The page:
The world commemorated World Environment Day on 5 June 2023.
Whilst commemorating this day, we also recognise smallholder agriculture has a key sector in Ghana’s social and economic development. It is the largest employer in the country, accounting for over 50% of the workforce. It is also a major source of income for rural households, accounting for over 60% of household income.
It also helps to ensure food and nutrition security, as smallholder farmers produce most of the country’s food. The sector is central to the reduction of poverty in the country as smallholder farmers are often among the poorest people in the country.
Smallholder food systems face several challenges in Ghana. These include:
• Low productivity due to several factors, including poor or unequal access to land, water, and credit; inadequate agricultural extension services; and the use of outdated farming practices.
• High input costs such as certified seed, fertilizer, and pesticides, which makes it difficult for smallholder farmers to make a profit.
• Market access, smallholder farmers often have limited access to markets, hence unable to sell their produce at a fair price.
• Climate change has been a major threat to smallholder agriculture and food systems. Changes in weather patterns have made it difficult for farmers to consistently grow crops.
The sector’s dominance in Ghana’s development also means that it is one of the main drivers of environmental degradation and biodiversity loss.
Agriculture can have significant impacts on the environment. While negative impacts are serious and can include pollution and degradation of soil, water, and air, agriculture can also positively impact the environment by trapping greenhouse gases within crops and soils or mitigating flood risks through the adoption of certain farming practices. The sector’s impact on the environment and biodiversity is felt through several different pathways, including:
• Land use change: The food and agriculture sector is the largest user of land in Ghana, accounting for over 50% of the country’s land area. Land use change, such as deforestation and conversion of grasslands to cropland, has led to the loss of habitats for many plant and animal species.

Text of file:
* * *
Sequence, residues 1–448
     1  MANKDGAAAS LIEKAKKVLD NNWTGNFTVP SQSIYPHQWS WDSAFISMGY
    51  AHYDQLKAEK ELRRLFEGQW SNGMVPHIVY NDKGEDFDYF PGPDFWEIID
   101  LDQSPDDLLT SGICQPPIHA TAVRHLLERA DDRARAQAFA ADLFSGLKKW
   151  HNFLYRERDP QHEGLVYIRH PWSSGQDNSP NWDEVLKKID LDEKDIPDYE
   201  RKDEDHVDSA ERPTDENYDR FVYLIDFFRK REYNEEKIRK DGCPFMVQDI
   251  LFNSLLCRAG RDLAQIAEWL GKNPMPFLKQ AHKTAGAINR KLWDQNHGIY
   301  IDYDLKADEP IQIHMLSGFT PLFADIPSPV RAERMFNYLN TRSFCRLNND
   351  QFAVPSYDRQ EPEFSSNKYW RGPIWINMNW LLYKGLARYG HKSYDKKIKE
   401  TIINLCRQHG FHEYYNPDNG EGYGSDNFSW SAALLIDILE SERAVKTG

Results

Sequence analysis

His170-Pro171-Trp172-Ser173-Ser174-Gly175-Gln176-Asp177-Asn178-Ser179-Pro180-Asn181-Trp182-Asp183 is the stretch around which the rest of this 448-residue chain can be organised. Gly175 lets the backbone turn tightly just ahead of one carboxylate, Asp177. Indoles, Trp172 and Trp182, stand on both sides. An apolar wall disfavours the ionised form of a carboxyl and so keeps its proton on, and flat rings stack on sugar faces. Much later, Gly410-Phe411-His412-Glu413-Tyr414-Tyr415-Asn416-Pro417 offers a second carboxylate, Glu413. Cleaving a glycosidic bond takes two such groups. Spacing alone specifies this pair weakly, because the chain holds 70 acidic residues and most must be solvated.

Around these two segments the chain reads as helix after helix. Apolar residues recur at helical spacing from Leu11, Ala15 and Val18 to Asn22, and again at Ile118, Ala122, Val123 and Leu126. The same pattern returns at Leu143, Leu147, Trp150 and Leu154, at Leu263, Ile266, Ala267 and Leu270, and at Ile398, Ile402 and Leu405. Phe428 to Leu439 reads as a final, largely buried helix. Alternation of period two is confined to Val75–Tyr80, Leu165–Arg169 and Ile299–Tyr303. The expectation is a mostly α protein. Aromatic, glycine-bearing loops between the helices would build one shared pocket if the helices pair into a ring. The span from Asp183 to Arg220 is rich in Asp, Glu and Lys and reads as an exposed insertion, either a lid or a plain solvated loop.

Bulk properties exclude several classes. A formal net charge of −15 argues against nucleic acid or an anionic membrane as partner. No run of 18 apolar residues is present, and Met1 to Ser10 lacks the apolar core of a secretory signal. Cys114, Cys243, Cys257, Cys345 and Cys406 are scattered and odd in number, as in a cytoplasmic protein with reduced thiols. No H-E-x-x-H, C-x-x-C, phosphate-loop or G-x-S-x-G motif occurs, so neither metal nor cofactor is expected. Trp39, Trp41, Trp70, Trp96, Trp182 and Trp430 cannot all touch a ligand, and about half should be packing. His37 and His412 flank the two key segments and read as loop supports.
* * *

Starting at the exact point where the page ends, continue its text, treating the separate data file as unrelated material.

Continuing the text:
• Pollution: The improper use of pesticides, fertilizers, and other chemicals in agriculture can pollute water bodies and soils, harming aquatic life and plants. Examples from countries up field tell us of the high-risk potential of polluting the environment.
These impacts can create a vicious cycle of reduced food security, degradation of ecosystems and poverty.
AGRA and partner organisations have been working in Ghana to reduce the impacts of smallholder agriculture on the environment and biodiversity with the promotion of Sustainable Farming practices such as agroforestry, climate smart and regenerative agriculture and conservation agriculture that help to protect the environment and biodiversity while still producing food.
Provision and strengthening of agricultural extension services is a key component of AGRA’s work in the country. Support for the development of agricultural markets is another key area of work.
Key in AGRA’s work in Ghana is the integration and implementation of its Environment and Social Management System (ESMS) to minimize, manage and mitigate the negative environmental and social impacts that smallholder agriculture can have on the environment. AGRA’s ESMS is premised on the International Finance Corporation’s (IFC’s) Performance Standards (PS).
These Performance Standards are important in Ghana’s quest to attaining food security because they can help to ensure that the agricultural sector does not harm the environment or people.
AGRA’s ESMS, therefore, covers a wide range of environmental and social issues, including land, water, biodiversity management, and social impacts.
All partner agencies are encouraged to comply with AGRA ESMS with its implementation as the Performance Standards are an effective tool in helping to protect the environment and people in Ghana.
AGRA’s investments in the agricultural sector have helped to reduce land degradation, improve water quality, and protect biodiversity. These investments also help to improve the livelihoods of farmers and rural communities.
By helping to protect the environment and people, AGRA’s programmes and its Environment and Social Management System are helping to make Ghana more food secure, achieve the Sustainable Development Goals, and successfully reach its climate change and biodiversity management targets.
More importantly, AGRA’s work is aimed at supporting the Government of Ghana to attain its development aspirations as set out in its Shared Growth and Development Agenda (GSGDA) II, Poverty Reduction Strategy (GPRS) III, and its Medium-Term National Development Plan (MTNDP). AGRA acknowledges the support it has received from KfW in the development and implementation of its Environment and Social Management System.
Assan Ng’ombe is Program Officer – Resilience, Juliette Lampoh-Agroh is Ghana Country Manager, and Bashiru Musah is Program Officer – Development and Innovation, at AGRA